The Association was conceived in the minds of twenty seven forwarding thinking architects led by John Dobson. Created in 1858, their ideas still have a significant effect on architectural practice to this day.

These early members were keen on the advancement of the art and science of architecture. The opportunity was grasped to form a society which would elevate the practice of architecture as a profession. As early as 1860, members began initiatives towards the introduction of architectural education, while being the first to formulate a scale of professional fees, together with the promotion of architectural competitions as a fairer means of allocating work, based on design criteria. All of these provisions were later adopted by other learned societies including the Royal Institute of British Architects. Under the guidance of a further fifty six presidents, the Northern Architectural Association acted on behalf of the RIBA in the region, being responsible for representing and admitting architects to Institute.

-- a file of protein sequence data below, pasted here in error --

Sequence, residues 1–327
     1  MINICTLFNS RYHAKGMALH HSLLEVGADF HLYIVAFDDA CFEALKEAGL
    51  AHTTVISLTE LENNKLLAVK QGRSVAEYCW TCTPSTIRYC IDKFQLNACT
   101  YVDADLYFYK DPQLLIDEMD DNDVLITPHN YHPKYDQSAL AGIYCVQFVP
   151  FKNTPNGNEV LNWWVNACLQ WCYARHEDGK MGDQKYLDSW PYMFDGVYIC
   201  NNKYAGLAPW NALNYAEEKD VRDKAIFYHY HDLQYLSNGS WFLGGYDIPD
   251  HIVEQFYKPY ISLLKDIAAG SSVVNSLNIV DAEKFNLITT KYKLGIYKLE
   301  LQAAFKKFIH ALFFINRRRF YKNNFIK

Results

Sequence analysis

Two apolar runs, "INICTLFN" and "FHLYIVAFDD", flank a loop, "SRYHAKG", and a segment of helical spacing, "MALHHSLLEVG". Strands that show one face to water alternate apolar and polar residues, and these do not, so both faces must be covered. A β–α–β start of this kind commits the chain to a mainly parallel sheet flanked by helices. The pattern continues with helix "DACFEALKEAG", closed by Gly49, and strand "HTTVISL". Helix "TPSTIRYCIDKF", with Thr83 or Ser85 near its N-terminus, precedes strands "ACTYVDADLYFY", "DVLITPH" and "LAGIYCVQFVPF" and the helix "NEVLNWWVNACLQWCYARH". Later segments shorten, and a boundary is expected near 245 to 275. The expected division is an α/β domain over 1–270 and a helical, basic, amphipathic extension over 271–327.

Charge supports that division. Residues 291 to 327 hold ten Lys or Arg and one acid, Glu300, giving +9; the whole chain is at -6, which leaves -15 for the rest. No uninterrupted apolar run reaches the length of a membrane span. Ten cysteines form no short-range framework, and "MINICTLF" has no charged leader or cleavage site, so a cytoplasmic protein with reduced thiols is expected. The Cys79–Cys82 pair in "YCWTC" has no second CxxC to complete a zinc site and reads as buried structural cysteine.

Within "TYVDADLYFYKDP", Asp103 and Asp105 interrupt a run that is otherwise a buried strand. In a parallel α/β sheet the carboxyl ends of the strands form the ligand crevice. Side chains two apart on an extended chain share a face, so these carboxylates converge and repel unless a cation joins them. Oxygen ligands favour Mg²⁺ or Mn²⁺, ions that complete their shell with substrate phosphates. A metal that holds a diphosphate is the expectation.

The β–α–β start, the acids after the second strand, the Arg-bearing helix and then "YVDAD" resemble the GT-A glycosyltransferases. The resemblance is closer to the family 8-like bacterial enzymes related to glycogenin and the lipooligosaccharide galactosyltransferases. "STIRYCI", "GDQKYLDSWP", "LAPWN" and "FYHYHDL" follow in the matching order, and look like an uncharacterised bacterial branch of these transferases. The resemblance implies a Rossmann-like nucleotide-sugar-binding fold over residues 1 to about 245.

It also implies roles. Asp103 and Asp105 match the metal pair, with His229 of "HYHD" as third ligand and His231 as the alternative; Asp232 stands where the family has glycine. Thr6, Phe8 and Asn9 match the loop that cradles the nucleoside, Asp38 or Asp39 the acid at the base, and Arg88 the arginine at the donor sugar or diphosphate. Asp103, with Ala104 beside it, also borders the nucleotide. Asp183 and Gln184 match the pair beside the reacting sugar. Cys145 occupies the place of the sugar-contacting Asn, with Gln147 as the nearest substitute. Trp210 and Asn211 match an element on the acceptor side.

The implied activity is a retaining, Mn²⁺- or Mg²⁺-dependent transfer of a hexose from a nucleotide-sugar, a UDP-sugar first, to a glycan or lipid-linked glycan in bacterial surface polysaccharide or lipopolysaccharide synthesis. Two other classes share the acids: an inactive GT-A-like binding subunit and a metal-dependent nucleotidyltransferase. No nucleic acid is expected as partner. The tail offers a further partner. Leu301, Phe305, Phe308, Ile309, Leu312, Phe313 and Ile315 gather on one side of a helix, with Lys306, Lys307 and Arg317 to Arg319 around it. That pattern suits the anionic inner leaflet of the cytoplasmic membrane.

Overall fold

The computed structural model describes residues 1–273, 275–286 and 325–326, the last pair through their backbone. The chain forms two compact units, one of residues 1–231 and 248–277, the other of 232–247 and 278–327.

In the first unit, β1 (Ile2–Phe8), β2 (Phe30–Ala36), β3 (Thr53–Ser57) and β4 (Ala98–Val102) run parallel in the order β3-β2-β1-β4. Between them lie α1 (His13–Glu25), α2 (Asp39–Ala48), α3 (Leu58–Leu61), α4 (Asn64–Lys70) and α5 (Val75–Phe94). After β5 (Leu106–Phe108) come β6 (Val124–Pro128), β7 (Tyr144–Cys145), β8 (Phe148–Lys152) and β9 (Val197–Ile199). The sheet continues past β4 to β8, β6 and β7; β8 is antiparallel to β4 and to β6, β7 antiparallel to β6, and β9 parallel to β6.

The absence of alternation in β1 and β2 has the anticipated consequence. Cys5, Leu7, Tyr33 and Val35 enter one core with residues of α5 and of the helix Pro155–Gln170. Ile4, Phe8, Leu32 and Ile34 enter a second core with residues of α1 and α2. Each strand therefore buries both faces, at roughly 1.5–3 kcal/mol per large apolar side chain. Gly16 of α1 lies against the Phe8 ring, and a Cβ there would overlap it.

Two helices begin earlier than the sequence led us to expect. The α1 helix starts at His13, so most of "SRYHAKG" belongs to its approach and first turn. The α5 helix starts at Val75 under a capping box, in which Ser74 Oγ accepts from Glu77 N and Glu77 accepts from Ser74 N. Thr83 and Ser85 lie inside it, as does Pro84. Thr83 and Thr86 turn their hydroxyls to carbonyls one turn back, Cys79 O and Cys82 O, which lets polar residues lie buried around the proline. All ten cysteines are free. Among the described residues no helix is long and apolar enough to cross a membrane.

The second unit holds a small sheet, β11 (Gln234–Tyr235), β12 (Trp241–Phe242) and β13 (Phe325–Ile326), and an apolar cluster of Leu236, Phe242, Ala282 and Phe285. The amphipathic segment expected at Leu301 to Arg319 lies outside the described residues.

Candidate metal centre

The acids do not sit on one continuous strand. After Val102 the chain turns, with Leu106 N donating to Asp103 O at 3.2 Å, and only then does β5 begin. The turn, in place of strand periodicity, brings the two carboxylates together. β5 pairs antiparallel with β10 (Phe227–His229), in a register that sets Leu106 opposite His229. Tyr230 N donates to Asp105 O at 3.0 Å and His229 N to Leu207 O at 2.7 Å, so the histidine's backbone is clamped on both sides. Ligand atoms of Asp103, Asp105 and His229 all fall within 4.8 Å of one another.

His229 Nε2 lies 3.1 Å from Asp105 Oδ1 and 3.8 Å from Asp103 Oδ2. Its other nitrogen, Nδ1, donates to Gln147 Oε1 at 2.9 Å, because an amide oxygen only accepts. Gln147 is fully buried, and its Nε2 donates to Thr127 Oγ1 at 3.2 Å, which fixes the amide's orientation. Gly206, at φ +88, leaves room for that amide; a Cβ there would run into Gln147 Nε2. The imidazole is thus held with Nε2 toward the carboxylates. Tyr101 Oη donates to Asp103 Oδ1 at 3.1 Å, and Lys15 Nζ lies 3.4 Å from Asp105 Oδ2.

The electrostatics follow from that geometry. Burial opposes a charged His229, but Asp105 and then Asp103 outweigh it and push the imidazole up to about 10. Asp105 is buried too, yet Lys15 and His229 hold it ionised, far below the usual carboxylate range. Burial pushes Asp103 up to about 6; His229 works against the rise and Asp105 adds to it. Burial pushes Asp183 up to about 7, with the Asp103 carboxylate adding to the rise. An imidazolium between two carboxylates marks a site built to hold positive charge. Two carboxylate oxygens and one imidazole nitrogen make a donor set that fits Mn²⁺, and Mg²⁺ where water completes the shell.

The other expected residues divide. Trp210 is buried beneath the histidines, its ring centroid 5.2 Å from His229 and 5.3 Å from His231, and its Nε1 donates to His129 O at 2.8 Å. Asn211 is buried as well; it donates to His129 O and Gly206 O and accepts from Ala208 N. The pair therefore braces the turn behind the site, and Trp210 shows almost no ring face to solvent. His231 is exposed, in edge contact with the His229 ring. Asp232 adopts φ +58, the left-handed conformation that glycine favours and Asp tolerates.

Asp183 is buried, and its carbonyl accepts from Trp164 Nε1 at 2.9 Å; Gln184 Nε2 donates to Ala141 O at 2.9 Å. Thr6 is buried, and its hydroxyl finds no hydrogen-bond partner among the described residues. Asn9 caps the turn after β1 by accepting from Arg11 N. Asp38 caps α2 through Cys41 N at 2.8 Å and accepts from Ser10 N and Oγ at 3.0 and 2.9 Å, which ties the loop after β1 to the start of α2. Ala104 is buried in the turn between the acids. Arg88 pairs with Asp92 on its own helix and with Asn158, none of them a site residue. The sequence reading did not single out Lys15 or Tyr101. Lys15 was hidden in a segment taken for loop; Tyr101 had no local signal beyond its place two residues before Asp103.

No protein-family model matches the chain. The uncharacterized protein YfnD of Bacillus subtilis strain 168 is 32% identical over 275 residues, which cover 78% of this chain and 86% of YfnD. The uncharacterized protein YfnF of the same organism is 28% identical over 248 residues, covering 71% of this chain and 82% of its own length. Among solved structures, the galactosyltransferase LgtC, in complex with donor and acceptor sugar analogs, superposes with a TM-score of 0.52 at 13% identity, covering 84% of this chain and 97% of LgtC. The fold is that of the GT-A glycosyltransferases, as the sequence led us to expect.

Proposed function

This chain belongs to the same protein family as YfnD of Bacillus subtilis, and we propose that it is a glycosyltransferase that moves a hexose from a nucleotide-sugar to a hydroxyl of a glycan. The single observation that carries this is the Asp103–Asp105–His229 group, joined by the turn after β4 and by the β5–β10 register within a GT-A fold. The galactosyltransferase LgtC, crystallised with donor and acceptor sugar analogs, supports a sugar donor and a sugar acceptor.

From 1971, the RIBA took over these roles and the Association ceased to function. In the last years of the 20th Century, the Charity Commission permitted architects in the region to once again be included as members and pursue the intentions of the founders in 1858.

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